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ABPM Increases Flexibility by Combining Lifelong Learning and Self-Assessment Requirements into Single CME Requirement

by | September 4, 2019

Chicago, IL, August 30, 2019 – The American Board of Preventive Medicine (ABPM) announced today that, as a first-step toward a comprehensive overhaul of its Maintenance of Certification (MOC) program, the ABPM Board of Directors has approved a revision to its current MOC Part II requirement by combining MOC Part IIA, Lifelong Learning and Self-Assessment (LLSA) and MOC Part IIB, Continuing Medical Education (CME) into a single, comprehensive MOC Part II requirement.

Specifically, diplomates will no longer be required to complete a minimum number of ABPM-approved LLSA credits in order to complete MOC Part II. Instead, beginning on February 1, 2020 and during each ten-year Certification Cycle, a Diplomate’s total of 250 MOC Part II credits can include any combination of LLSA and AMA PRA Category 1 CME credits (or their equivalent).

In announcing this new policy, the ABPM’s Board Chair Hernando “Joe” Ortega, Jr., MD, MPH, said “The ABPM is pleased to offer our Diplomates a simplified and less burdensome MOC Part II requirement.” Dr. Ortega went on to say that “Since there will be no required minimums for either type of credit, Diplomates will have the flexibility to choose between and amongst the various LLSA and AMA PRA Category 1 CME credits that best fits their practice. Our doctors can select the CME offerings that will be most effective and impactful in achieving their individual learning goals. This is a small, but important step on the ABPM’s journey toward a Continuing Certification program that incorporates the recommendations of the ABMS Vision Commission and, more importantly, is responsive to feedback from our Diplomates.”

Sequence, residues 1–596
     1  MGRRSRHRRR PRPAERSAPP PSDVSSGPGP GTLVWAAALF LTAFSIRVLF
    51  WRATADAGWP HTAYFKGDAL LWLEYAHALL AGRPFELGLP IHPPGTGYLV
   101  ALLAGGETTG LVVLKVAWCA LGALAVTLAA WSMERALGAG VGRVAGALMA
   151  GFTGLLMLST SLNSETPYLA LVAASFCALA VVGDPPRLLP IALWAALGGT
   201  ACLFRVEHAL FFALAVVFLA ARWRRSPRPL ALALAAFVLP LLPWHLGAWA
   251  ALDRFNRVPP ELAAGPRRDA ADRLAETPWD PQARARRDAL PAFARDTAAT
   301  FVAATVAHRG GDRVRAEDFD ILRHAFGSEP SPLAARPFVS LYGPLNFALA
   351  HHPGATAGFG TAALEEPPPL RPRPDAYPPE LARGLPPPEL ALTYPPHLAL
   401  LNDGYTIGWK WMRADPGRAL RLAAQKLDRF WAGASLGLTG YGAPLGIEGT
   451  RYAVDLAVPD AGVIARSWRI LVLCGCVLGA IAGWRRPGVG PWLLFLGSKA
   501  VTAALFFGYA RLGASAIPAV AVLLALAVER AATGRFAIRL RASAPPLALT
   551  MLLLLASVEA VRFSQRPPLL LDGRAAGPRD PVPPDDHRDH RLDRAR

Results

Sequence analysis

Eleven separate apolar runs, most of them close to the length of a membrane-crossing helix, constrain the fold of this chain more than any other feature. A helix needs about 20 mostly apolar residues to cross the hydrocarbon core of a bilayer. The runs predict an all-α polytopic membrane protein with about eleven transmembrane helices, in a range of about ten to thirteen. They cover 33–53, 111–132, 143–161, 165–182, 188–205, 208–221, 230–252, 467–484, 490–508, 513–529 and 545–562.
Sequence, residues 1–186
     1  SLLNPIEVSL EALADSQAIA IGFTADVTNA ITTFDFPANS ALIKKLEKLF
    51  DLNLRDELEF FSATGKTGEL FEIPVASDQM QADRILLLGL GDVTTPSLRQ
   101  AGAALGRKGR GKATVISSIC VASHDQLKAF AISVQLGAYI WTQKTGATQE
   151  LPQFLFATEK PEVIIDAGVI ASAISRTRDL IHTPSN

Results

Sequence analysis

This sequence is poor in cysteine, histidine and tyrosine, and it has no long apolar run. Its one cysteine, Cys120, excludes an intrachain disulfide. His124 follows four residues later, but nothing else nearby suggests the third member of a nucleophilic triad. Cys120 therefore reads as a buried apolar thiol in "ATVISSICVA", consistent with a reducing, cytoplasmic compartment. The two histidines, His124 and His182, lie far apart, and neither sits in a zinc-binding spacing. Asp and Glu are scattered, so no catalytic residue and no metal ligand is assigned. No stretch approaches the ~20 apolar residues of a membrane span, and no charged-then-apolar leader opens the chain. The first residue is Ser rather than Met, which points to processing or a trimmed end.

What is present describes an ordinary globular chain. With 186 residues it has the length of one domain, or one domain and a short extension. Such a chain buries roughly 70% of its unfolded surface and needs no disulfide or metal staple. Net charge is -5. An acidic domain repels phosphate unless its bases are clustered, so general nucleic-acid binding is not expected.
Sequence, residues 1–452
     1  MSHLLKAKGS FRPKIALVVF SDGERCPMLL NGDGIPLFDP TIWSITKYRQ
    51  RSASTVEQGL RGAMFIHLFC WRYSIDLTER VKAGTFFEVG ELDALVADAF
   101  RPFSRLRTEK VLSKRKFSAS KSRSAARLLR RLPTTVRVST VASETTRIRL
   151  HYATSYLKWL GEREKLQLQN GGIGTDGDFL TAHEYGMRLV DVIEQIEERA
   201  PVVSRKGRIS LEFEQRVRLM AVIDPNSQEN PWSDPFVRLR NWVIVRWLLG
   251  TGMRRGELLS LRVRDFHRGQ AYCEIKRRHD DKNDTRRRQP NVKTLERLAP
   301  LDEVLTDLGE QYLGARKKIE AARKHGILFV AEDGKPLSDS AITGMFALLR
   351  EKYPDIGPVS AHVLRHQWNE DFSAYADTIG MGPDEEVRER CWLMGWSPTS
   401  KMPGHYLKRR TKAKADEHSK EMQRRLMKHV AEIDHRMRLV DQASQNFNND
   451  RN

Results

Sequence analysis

The process by which Diplomates will be able to obtain MOC Part II credit from the ABPM will remain unchanged. Diplomates must forward certificates/transcripts for completed LLSA and/or CME credits to the ABPM office at moc@theabpm.org.

Any questions about this updated policy can be directed to the ABPM Staff at abpm@theabpm.org.

The ABPM is a Member Board of the American Board of Medical Specialties (ABMS). Founded in 1948, ABPM works with the ABMS in the development of standards for the ongoing assessment and certification of over 12,000 physicians certified by the ABPM in the Specialties of Aerospace Medicine, Occupational Medicine, and Public Health and General Preventive Medicine, and in the Subspecialties of Addiction Medicine, Clinical Informatics, Medical Toxicology and Undersea and Hyperbaric Medicine.

Read the announcement on ABPM website

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ABPM Increases Flexibility by Combining Lifelong Learning and Self-Assessment Requirements into Single CME Requirement

by | Sep 04, 2019

Chicago, IL, August 30, 2019 – The American Board of Preventive Medicine (ABPM) announced today that, as a first-step toward a comprehensive overhaul of its Maintenance of Certification (MOC) program, the ABPM Board of Directors has approved a revision to its current MOC Part II requirement by combining MOC Part IIA, Lifelong Learning and Self-Assessment (LLSA) and MOC Part IIB, Continuing Medical Education (CME) into a single, comprehensive MOC Part II requirement.